Threats and stresses to our 21st century world come in all shapes and sizes, just as they have since the beginning of human existence. But what distinguishes today’s threats from those of the past is the escalating rate at which they are occurring, without mind for geography or man-made borders. Issues once identified and analyzed individually – our environment, the economy, and social challenges – are now inextricably interlinked.
Despite all we know about resilience and the large body of research and literature that has been written on the subject – too few societies, organizations, and systems get resilience right.
In our new publication, titled Rebound: Building a More Resilient World, we asked leaders from various disciplines to share their lessons of what resilience means and what it requires of us. Through the lens of their own experiences, we can begin to explore some of the ways we can help prepare for, withstand and emerge stronger from the acute shocks and chronic stresses of the 21st century.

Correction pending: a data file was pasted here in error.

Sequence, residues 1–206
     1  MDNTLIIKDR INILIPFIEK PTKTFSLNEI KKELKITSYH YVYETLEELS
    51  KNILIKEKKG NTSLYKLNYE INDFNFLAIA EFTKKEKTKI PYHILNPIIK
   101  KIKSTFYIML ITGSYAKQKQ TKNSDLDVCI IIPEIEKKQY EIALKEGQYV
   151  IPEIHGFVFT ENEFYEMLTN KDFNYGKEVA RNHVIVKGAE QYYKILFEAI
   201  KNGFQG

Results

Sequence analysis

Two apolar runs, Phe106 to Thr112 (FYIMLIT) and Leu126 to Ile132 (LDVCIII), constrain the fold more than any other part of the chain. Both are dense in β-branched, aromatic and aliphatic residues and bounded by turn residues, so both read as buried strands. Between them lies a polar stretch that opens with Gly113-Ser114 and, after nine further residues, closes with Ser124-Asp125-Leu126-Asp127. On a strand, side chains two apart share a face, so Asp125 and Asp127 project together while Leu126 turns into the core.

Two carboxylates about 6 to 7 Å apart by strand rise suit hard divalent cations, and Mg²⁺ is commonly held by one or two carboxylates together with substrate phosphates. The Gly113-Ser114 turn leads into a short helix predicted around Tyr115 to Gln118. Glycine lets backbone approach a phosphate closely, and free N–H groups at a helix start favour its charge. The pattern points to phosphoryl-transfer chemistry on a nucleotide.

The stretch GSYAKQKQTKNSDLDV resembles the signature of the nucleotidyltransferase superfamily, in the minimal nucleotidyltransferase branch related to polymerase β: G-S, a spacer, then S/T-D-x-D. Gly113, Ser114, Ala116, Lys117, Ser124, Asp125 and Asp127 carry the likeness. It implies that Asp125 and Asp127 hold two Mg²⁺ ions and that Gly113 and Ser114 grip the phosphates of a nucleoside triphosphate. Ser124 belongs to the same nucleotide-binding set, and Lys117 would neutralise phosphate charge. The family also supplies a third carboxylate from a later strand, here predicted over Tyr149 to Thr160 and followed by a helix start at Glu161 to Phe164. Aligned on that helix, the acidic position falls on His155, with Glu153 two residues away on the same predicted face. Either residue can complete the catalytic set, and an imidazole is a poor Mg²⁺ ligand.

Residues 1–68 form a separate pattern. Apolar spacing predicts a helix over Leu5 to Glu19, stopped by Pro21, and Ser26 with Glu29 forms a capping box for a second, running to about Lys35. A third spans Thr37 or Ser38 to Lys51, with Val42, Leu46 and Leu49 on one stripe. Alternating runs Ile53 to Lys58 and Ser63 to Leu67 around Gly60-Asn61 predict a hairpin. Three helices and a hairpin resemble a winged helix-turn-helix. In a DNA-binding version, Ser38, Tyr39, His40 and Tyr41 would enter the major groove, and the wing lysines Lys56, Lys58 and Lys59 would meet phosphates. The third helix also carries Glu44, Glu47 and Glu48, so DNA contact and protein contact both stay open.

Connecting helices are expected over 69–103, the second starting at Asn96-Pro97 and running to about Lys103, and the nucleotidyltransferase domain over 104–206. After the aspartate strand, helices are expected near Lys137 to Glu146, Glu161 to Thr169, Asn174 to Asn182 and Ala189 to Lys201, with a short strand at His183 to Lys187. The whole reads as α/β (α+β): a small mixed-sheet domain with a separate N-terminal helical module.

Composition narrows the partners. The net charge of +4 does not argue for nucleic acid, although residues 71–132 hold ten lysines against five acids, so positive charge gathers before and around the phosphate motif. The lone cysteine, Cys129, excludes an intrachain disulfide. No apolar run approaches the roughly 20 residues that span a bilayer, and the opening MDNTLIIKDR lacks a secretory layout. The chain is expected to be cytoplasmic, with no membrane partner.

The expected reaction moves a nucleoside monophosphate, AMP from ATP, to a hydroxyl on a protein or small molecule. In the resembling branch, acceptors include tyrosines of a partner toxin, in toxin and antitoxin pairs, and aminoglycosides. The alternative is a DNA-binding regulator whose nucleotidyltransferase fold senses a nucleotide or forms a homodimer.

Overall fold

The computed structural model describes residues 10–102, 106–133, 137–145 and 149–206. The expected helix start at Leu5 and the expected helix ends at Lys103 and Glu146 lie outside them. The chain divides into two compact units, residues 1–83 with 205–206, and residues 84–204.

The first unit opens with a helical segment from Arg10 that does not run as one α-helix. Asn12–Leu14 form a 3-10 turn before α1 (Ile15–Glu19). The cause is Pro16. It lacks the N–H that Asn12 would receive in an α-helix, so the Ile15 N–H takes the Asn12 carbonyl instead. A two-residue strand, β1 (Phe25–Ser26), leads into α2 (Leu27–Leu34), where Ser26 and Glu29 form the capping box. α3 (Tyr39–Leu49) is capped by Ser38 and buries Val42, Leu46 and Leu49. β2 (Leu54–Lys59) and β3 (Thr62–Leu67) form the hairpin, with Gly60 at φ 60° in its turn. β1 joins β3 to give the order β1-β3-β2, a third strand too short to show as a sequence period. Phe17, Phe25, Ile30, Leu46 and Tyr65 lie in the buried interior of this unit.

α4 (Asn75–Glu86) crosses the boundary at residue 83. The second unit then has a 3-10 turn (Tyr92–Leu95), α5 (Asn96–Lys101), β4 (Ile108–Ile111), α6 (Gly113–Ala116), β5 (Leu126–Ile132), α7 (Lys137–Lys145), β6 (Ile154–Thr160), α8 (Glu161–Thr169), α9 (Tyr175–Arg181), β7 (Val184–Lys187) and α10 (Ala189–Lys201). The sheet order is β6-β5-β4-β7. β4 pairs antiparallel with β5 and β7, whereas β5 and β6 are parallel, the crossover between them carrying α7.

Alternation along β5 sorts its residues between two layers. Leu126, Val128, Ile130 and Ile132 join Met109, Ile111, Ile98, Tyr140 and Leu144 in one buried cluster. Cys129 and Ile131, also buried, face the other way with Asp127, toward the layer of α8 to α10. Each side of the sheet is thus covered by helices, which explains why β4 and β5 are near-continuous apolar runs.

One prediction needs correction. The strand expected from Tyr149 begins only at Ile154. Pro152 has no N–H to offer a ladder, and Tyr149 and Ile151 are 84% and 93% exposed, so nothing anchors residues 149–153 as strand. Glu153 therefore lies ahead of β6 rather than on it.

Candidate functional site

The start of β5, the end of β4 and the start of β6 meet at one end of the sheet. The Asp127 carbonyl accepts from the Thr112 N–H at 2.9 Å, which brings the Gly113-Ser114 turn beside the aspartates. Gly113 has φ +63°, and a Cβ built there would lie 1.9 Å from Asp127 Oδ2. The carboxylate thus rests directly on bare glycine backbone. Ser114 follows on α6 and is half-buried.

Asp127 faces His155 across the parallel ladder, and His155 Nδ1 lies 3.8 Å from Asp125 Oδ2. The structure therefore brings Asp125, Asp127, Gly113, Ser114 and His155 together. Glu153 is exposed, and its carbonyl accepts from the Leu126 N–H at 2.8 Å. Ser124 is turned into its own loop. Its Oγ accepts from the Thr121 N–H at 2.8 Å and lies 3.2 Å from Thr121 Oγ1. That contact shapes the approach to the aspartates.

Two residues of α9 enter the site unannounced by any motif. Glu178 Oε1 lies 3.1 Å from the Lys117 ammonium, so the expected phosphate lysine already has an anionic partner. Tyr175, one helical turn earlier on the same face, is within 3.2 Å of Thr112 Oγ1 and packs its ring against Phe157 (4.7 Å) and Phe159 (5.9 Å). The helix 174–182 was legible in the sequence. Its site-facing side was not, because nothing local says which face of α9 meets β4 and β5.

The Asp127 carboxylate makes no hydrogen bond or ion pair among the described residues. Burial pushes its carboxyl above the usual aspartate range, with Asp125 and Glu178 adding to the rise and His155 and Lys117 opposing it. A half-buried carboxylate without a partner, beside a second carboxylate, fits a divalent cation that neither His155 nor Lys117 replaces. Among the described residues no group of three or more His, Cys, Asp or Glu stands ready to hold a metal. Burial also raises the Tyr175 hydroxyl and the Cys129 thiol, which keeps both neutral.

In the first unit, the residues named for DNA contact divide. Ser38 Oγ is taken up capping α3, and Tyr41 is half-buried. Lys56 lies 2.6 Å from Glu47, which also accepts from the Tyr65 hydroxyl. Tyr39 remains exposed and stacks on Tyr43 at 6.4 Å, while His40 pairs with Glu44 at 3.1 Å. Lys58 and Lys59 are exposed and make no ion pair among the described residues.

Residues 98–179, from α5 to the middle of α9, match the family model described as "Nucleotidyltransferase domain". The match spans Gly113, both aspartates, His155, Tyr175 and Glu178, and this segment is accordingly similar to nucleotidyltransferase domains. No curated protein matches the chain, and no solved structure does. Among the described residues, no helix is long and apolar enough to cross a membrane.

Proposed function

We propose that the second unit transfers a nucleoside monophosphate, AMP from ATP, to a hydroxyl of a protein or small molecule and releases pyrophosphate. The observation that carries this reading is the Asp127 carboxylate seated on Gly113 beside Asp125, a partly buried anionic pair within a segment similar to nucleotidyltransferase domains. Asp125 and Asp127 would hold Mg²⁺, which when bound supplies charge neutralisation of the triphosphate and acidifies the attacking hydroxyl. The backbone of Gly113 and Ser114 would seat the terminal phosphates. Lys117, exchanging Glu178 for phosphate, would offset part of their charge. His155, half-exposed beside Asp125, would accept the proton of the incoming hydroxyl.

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Climate Change ResilienceWith more intense and frequent storms, and poor sewerage and drainage systems, the poor are most at risk to diseases caused by stagnating water, like dysentery and malaria.
Climate Change ResilienceIn recent years, rising sea levels have caused social and financial hardships for the residents of Can Tho. Now they're developing new approaches to the problem.
Climate Change ResilienceAs glaciers melt, local people in one community are coming up with innovative ways to find drinking water—fog catching.
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